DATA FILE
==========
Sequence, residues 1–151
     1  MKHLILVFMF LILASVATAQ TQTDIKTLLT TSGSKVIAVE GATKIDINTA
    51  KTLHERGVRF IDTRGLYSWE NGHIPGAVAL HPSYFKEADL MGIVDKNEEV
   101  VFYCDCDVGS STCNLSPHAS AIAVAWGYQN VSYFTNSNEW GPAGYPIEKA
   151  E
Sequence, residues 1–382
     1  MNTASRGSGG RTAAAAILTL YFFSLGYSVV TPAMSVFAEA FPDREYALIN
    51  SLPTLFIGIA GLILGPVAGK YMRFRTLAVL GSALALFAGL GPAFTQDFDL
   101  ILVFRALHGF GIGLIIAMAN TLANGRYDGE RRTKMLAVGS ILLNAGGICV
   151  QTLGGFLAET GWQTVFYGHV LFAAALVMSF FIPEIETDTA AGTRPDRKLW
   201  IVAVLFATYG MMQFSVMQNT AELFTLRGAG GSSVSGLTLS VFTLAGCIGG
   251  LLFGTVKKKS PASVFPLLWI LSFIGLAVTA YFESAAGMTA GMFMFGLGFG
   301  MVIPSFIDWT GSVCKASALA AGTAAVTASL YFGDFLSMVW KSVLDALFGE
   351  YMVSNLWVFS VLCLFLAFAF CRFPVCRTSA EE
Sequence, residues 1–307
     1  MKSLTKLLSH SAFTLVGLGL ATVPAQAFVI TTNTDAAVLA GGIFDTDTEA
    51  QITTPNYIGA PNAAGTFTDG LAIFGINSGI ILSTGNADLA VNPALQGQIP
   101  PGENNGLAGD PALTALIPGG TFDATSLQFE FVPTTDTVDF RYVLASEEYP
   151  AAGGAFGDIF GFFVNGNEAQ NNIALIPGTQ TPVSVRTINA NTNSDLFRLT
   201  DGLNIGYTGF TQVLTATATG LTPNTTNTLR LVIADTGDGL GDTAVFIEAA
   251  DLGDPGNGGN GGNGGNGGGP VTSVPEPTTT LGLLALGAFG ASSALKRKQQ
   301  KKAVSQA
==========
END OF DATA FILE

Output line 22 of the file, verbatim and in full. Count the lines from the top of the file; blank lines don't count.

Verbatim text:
   301  KKAVSQA